Making the world a better place through technology and values.
FRIDAY, MARCH 27, 2020
Upper School students from the Dr. Miriam and Sheldon G. Adelson Educational Campus in Summerlin are working from home to 3D printing medical face shields, face mask clips, and ventilator valves to remedy hospital shortages as COVID 19 cases escalate. Hoping to make a difference, while observing health safety protocols, the students borrowed the printers from the school’s $4 million-dollar, 5000 square foot, Startup Incubator designed for innovation and entrepreneurship. 
Tobin Herringshaw is part of the Startup Incubator’s instructional team and thrilled to see students apply the technical knowledge and skills learned to solving real world problems that help others in need. “Creating these medical devices to help during this crisis will likely be one of the most rewarding experiences our students will have this year,” says Herringshaw. “The Startup Incubator was built to directly support the school's mission to enable students to pursue and achieve excellence,” Herringshaw continues. “We’re seeing that mission in action through this incredible 3D printing initiative to benefit the communities around us. Students are using their knowledge, talent and skills to help others in need and build a better world.”
AEC senior Kalman Steinberg is proud to apply his tech acumen to give back to the community; to influence, for the better, the dire circumstances brought about by the COVID 19 pandemic; and make it possible for hospitals to have what they need to care for patients. “It’s a huge honor and a blessing to have access to our school’s state of the art tech lab to fight along side medical professionals to defeat this disease and save lives,” says Steinberg who will graduate in May, likely through a virtual ceremony.
Dr. Avi Weiss is an AEC parent and Urology specialist in Las Vegas who is helping facilitate communications between students and hospital officials to confirm need and quality standards. “We are so proud of our students. They are taking skills learned, talent, and care for the community and applying it to a noble cause. This is a phenomenal experience. The student and faculty engineering and design team are working on life saving interventions under battle conditions. It’s just amazing,” Weiss elaborates.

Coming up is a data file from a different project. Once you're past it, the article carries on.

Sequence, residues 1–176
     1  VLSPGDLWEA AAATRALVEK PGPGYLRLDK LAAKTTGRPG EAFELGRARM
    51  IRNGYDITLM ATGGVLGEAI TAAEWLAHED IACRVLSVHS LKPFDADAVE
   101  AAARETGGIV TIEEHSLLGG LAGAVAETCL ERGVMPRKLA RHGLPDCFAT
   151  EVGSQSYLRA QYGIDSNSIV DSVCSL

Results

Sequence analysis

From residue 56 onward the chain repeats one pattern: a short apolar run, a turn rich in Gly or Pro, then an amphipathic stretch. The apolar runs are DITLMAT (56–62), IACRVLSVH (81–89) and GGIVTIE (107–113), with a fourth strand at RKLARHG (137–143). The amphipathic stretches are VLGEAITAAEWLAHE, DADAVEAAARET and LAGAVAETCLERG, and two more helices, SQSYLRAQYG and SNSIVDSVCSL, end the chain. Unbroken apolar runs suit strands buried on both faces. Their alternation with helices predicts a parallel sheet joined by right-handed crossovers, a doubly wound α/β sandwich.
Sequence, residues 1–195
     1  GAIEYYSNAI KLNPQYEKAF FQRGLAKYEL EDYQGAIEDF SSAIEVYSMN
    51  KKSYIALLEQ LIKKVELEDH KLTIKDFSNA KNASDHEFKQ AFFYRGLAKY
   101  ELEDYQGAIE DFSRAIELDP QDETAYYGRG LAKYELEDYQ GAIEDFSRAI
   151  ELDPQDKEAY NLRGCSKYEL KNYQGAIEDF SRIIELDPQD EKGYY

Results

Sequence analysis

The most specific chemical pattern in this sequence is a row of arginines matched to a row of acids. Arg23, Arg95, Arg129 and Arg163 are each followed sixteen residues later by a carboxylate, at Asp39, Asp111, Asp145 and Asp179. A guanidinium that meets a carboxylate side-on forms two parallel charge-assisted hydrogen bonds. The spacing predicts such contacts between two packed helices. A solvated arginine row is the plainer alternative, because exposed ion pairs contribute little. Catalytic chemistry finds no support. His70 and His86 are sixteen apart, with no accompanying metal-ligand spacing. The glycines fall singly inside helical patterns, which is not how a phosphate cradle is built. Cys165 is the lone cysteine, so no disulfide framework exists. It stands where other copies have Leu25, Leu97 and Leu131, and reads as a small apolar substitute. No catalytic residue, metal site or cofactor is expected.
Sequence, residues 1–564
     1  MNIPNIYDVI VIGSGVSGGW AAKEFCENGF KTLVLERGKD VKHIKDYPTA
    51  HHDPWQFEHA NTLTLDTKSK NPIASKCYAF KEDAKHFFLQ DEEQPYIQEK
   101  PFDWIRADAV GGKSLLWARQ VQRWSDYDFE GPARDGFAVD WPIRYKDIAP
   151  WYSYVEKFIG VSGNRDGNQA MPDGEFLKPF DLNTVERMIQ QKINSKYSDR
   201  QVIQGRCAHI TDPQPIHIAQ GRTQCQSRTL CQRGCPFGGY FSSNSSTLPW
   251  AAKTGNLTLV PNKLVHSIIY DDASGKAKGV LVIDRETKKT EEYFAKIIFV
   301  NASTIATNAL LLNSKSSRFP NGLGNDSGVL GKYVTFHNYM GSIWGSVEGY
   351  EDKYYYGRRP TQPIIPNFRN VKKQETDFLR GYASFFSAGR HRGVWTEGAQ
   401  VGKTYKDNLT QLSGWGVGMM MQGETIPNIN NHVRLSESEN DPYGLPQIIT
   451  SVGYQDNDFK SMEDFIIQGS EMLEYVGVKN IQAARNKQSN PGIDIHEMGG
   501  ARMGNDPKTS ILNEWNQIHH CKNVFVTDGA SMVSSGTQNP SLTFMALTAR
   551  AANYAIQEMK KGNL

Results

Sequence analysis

Micah deLeon and Emily Miller are also AEC seniors, eager to combat feelings of helplessness and fear by productive action.  "Online learning is going great, but my classmates and I are getting restless and want to do something. We want to make a difference," says deLeón. "Watching the news, we noticed healthcare workers have an immediate need. We have a technology lab called the Startup Incubator at school that can produce the exact items needed. Our school's values and mission encourage us to give back to the community and make the world a better place. We just want to help," adds Miller.
But it’s not AEC tech students alone who are rising to the occasion to serve the community. Tiffanie Zuttermeister, AEC Advancement and Registrar Assistant, and Debbie Levy, Art Specialist, are team leading an initiative to sew much needed cloth masks for hospitals and senior living communities. “I started making masks last week and have made over a hundred,” said Zuttermeister. “I myself have a weak immune system and I’m thinking of my mom who is going through Chemo right now. It scares me that we do not have the proper equipment to keep people safe. I wanted to be part of the solution, so I put my skills to use. I used materials from home. Others I bought. People from our school community offered donations. It feels good knowing we’re contributing to those in need.”
The AEC Incubator was completed in 2016 as part of a school-wide Technology Innovations Initiative, including a one-to-world paradigm and extensive teacher professional development.  The elaborate facility contains a Coding Lab, Digital Media Studio, and expansive Fab Lab with a companion Heavy Duty Lab. 
The Incubator offers students the opportunity to build a complex robot or start their own business. They’re taught everything from the core skills in coding, robotics, 3D printing and electronics to the essential entrepreneurial skills to design and bring their original works to market.